WTF! (What The F**k – Winter Trail Food)

Healthy Homemade Snack For Life In Bitter Cold

Winter has just started to arrive here in northern New England, but it will be in full force soon. I have the good fortune of a busy winter schedule including spending four weeks guiding snowshoe expeditions (2 x 2-week trips) from late January through early March. That’s a lot of days on the trail, and I’ve been thinking about winter expedition snacks and experimenting in the kitchen.  

There is a single food that you can live on for extended periods of time, summer or winter, and maintain health; pemmican. It’s a mixture of dried raw meat and fat. This isn’t about pemmican. This is about making a food that feeds your body’s furnace and tastes good but isn’t the one thing you’re going to live on for several months or years. We’ll have regular meals on the trail. Think of this as a healthy snack. (For a first-hand account living on pemmican for 38 while living on the snowshoe trail, read Jerrel Friesen’s article.)

Food takes on more meaning on an extended winter expedition. When the thermometer reads waaaayyyy below zero for a few weeks and you’re out living in it, finding good foods that don’t require preparation or heat is challenging. Commercially made foods are usually loaded with sugar and questionable ingredients. Others are ridiculously expensive or not appetizing. This was the problem I was trying to solve, and I started with a few criteria. The final product should be:

  • Calorie dense.
  • Contain minimal water (to avoid carrying the extra weight and bulk).
  • Easy and quick to make.
  • Minimal ingredients that I can easily get in bulk.
  • Tasty (if it’s not good, why bother?).
  • Made into small servings that you don’t have to bite (because biting frozen things can be hard on the teeth).
  • Transported in wax paper bags that I burn when empty, so no trash.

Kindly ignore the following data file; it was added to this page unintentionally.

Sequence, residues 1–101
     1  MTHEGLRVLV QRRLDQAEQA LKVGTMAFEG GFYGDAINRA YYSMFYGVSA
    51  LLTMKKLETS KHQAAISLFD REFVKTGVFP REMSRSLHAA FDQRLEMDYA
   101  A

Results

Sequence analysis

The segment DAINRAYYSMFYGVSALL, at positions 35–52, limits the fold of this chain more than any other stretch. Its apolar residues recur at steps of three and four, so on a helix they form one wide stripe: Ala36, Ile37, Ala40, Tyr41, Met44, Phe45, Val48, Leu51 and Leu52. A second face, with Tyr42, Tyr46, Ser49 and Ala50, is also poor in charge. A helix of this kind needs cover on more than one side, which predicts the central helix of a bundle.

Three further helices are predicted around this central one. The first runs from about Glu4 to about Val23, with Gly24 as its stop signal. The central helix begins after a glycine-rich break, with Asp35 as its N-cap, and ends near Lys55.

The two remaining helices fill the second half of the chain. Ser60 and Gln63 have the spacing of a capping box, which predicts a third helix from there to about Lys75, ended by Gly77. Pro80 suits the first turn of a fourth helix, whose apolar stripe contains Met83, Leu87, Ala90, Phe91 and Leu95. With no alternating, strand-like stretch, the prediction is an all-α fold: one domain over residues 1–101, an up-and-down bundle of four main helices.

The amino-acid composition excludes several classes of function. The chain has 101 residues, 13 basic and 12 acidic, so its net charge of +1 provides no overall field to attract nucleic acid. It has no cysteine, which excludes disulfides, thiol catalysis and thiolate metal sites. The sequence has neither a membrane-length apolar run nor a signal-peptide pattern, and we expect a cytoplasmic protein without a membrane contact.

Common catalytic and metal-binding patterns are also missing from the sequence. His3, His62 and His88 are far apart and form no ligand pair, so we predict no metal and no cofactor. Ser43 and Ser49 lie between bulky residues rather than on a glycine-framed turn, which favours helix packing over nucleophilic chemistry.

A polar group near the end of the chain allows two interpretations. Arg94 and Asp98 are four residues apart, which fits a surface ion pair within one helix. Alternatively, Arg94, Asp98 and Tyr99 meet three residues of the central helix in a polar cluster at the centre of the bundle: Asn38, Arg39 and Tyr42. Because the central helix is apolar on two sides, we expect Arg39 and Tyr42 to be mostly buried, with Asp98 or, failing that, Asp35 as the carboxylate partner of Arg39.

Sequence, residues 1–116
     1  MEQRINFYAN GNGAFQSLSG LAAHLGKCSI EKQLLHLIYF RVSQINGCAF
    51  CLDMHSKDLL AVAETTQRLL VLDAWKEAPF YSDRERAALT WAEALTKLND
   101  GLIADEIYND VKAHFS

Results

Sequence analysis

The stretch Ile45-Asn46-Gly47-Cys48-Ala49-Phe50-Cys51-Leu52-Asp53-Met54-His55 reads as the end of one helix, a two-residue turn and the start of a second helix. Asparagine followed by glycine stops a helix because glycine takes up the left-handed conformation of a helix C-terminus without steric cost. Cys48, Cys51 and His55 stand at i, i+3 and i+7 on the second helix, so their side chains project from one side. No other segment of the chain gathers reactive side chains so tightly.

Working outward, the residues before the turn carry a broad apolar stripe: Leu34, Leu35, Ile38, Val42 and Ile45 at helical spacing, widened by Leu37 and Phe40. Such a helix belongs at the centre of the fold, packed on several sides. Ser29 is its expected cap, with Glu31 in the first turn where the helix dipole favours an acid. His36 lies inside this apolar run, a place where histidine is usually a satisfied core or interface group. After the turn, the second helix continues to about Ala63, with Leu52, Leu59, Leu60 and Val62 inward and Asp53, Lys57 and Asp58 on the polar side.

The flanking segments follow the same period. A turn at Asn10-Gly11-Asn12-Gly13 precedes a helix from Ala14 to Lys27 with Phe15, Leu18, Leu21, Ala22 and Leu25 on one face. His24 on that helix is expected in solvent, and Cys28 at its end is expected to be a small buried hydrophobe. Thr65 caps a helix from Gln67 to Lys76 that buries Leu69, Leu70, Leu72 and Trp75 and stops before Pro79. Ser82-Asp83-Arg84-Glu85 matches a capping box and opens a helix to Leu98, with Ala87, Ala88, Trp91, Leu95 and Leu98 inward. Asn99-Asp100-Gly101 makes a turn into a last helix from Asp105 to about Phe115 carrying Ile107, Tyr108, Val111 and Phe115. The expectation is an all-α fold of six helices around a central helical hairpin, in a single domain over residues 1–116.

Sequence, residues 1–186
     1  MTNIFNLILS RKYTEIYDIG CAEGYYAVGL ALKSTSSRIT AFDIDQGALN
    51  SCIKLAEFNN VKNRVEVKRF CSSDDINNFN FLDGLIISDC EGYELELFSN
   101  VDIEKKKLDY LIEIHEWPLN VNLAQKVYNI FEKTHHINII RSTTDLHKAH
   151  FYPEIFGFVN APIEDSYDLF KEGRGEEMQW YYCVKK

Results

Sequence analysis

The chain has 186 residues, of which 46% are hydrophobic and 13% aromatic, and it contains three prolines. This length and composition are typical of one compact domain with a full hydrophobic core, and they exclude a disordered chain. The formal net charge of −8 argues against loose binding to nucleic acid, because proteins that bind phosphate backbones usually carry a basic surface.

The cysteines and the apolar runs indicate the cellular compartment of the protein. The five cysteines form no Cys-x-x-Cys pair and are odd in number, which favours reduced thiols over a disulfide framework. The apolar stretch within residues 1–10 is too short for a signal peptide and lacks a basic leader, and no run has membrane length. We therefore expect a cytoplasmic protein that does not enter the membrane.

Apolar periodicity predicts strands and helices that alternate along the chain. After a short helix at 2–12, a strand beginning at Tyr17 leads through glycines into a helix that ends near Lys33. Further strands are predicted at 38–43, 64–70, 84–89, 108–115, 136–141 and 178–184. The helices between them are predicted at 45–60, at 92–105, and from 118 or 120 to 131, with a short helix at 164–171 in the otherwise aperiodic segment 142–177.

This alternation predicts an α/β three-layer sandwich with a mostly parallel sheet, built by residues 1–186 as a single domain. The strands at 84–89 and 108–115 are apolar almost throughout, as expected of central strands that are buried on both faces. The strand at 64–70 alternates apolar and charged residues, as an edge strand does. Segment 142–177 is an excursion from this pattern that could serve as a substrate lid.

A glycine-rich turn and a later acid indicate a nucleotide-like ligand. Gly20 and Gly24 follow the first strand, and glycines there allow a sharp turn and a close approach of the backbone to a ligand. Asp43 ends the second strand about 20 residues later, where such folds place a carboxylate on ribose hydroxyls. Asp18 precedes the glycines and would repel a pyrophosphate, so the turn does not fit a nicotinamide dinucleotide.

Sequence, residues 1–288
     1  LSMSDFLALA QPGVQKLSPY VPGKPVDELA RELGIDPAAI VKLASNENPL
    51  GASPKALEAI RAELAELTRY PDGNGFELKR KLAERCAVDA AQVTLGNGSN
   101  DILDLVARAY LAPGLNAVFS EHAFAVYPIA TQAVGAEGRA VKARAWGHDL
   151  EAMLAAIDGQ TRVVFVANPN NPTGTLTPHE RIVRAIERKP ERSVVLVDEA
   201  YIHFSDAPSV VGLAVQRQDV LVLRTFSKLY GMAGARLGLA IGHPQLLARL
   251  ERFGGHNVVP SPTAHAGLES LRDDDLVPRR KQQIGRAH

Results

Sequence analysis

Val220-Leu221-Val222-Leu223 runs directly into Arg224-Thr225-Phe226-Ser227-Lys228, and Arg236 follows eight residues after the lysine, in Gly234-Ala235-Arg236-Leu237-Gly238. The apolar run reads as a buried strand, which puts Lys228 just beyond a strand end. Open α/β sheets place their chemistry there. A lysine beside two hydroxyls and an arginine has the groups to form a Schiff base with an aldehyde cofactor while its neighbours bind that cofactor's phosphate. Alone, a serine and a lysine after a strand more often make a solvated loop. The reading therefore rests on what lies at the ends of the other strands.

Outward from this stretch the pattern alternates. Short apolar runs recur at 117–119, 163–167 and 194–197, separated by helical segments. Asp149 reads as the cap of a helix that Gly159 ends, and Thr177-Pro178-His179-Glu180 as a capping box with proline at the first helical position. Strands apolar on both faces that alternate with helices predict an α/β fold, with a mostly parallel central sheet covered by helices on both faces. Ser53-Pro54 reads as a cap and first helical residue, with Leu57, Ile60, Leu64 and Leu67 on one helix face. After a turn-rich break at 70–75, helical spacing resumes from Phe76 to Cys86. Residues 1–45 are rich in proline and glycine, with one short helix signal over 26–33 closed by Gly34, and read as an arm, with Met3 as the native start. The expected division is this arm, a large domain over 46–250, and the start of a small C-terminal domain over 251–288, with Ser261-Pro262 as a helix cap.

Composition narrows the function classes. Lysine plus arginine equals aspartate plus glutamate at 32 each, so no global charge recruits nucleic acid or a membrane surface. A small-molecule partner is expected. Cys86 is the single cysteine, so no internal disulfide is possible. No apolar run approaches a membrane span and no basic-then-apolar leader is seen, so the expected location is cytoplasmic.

So far I’m really happy with the results. My base ingredients are peanut butter (the natural, no sugar type) and coconut oil. These are the “glue” and are warmed until they’re a runny liquid.

Into the glue, I add the “filler”: chia seeds, sunflower seeds (raw, hulled) raisins, and sometimes a few rolled oats. I also add some spices, such as cinnamon and sometimes a touch of cayenne pepper.

I add enough filler so that the mix is thick but held together with the glue. Then I make a bunch of little disks (so I can eat them without biting into it), put them on a plate or pan, and put them outside to freeze and solidify.

These will stay solid when cold or cool, and I have no problem keeping things cold on winter trips. The small pieces will be quickly thawed when put in my mouth, even at forty below.

Before my month on the trail I plan to dehydrate a bunch of fruit (whatever’s on sale) to add as a filler. I’m not a big sweets guy, so I didn’t want to add any sugar or honey, but you can add whatever you like. I plan to experiment further with a bunch of other filler ingredients, and rendered animal fat for the glue.

And it’s no accident we’ll be referring to them by their acronym WTF. I’m personally referring to them as “What The F**K! – Winter Trail Food”, as it’s easy to remember.

If you make some, let me know how they turn out. And if we meet along the winter trail, plan to stop for a bit of What The F**K and tea!


 

WTF! (What The F**K Winter Trail Food) Recipe

Glue

  • Peanut Butter
  • Coconut Oil

Filler

  • Chia Seeds
  • Sunflower Seeds
  • Raisins (or other dried fruit)
  • Spices (cinnamon, cocoa powder, cayenne, etc.)
  • Rolled Oats (leave out to be grain-free)

Procedure

  1. Warm up peanut butter and coconut oil, the “Glue”.
  2. Stir in “Fillers” of your choice.
  3. Shape into small servings that you can pop in your mouth. An easy way is to make small balls, then flatten them.
  4. Let them cool outside in the cold.
  5. Pack them in wax paper bags, to be burned when empty.

 

Food, General

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Typos, Etc.
Note: Anything that appears to be an error in spelling or grammar is actually the author’s clever use of the vernacular, and as such is not an error, but rather a carefully placed literary device that demonstrates his writing prowess.

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